Margolis and Huggins (2012) believe that formal leadership and delineation of roles serves a purpose and role in distributing leadership. It is in my opinion however, that this model of distributed leadership is superficial and does not provide the conditions necessary for leadership to emerge from all areas within a school or organization. One of the key challenges in allowing for a model of distributed leadership that encourages all to participate is the challenge of time. It is widely believed within a school building that when teachers have the opportunity to collaborate and to work together, that greater trust and understanding can be developed amongst a staff. Hargreaves and Fink (2006) explain that teachers learn best when they regularly work together and break down the isolation that exists within schools. With increasing cuts in education and more complex classrooms, providing the time and space needed to form these connections has been an ongoing challenge within schools.

While distributed leadership has been largely linear in approach through a hierarchical organizational model, I believe that new patterns of leadership are beginning to emerge. These environments recognize that leadership is not positional, but rather relational. Watson and Scribner (2007) discuss how examples of emergent leadership exists outside formal leadership structures. I have seen this in my own context, with individuals pursuing a project of personal interest and/or passion. These pursuits however are in addition to instead of embedded with a teacher’s mandated responsibilities. While pockets emerge, they often have to emerge outside of formal school structures, teachers meet on their own time in order to develop creative solutions.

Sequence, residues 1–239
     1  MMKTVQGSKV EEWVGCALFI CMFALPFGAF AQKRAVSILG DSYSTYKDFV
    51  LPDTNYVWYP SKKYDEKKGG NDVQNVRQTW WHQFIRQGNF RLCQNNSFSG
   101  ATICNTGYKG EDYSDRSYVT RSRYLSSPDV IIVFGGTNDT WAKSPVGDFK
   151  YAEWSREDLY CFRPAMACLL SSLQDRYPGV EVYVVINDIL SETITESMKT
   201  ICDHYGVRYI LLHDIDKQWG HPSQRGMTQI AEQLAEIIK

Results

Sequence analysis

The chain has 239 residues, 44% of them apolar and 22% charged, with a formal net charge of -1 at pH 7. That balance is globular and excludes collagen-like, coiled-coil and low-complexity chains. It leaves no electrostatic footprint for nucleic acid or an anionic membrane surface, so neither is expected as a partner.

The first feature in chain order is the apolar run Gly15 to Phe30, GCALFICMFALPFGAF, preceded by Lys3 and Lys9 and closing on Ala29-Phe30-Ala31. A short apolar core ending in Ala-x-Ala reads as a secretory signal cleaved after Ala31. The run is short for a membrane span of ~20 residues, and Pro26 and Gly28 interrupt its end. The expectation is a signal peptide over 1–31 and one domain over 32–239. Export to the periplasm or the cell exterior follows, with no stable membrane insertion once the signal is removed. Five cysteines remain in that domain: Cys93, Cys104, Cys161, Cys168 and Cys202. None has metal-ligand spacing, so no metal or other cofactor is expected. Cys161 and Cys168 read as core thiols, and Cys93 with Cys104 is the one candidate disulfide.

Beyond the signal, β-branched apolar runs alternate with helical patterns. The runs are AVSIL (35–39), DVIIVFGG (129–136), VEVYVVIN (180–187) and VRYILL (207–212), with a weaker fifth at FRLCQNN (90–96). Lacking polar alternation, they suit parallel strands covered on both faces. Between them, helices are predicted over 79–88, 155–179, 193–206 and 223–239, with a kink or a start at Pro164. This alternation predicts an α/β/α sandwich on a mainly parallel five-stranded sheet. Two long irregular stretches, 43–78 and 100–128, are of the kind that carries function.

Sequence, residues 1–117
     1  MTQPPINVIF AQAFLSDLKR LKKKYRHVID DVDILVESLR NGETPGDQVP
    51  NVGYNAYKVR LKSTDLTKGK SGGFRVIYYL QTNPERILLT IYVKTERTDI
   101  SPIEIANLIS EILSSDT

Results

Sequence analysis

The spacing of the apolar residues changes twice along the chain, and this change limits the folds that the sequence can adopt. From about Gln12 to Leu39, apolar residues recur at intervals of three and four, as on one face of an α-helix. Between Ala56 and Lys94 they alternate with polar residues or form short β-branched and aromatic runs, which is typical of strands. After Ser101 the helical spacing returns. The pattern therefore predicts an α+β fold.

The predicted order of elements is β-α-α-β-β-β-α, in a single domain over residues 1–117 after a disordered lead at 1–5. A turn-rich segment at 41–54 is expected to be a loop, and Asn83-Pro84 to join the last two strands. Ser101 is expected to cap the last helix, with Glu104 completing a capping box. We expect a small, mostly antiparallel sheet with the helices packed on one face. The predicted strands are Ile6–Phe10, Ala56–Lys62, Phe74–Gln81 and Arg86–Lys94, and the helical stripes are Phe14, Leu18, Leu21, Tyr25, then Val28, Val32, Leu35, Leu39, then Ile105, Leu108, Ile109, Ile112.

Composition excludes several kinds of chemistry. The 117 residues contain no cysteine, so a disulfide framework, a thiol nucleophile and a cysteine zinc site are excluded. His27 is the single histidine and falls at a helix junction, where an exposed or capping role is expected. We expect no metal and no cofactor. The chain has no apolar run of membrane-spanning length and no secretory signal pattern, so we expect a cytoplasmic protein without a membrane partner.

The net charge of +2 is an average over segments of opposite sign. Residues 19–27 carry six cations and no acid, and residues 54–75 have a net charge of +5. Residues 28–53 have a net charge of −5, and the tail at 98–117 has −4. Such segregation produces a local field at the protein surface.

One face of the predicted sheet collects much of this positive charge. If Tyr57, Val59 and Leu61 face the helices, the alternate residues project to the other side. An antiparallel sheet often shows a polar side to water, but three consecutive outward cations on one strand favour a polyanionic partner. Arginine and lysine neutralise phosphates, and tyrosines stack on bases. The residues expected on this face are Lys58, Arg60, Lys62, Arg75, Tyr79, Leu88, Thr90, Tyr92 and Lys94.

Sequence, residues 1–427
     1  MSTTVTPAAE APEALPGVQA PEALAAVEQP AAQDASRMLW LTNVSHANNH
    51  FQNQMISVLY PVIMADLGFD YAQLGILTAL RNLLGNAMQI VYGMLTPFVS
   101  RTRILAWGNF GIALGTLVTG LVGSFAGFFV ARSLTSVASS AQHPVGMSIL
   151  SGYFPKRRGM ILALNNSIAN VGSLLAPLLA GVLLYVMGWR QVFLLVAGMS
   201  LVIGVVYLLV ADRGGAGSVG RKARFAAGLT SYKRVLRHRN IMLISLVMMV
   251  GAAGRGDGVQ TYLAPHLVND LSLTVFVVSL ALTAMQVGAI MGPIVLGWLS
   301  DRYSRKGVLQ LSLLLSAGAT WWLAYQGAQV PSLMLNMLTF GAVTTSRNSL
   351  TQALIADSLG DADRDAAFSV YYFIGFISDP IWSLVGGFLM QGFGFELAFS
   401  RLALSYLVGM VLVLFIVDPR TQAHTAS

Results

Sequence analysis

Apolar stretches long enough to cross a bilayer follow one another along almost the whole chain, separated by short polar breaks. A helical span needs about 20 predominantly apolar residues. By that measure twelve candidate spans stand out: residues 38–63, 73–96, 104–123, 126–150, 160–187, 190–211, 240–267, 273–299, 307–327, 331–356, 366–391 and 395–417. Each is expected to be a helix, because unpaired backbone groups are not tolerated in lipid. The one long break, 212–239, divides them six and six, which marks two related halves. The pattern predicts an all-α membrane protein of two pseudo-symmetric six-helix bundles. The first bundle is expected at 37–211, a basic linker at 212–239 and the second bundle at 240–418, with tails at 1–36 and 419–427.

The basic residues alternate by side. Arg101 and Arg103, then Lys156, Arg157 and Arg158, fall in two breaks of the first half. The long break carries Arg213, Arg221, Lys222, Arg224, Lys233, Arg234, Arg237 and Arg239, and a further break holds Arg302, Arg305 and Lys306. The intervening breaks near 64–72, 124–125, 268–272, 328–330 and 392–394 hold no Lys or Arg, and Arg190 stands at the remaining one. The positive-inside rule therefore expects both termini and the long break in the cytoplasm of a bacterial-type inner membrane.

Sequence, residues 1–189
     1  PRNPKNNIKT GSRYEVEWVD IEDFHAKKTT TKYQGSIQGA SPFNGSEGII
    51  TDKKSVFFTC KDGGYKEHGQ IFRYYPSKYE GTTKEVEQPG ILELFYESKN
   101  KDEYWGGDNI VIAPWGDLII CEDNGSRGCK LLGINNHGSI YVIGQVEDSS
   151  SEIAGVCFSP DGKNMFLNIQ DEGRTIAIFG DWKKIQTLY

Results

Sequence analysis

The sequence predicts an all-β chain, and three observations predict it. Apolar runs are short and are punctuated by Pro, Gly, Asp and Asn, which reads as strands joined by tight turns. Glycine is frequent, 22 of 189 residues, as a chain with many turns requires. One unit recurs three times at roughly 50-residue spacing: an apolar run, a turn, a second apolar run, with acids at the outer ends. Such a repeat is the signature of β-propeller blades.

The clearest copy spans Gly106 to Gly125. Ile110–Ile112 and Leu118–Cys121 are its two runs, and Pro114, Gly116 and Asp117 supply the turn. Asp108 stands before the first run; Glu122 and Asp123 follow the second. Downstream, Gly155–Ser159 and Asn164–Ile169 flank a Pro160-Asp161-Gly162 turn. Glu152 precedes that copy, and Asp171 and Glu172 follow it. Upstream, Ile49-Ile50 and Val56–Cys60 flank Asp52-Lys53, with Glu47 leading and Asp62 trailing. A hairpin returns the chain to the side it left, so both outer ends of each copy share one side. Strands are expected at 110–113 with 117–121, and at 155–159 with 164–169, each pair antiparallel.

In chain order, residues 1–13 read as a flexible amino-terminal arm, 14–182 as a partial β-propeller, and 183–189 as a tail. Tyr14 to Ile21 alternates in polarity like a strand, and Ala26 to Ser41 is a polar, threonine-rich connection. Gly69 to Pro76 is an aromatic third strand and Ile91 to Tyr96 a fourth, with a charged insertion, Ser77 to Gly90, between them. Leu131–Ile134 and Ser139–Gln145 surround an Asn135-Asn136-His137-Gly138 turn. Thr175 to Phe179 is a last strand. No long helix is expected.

While distributed leadership is largely considered a positive way to lead, but how it is interpreted and ultimately applied varies greatly from school to school. Successful implementation of a leadership model that allows for the emergence of leadership to occur from all areas within an organization is dependent on a shared vision along with the open sharing of values and beliefs amongst members. It is the role of formal leadership to establish conditions that facilitate connections between different members within the organization and to allow to create structures where these ideas can be shared effectively with other members.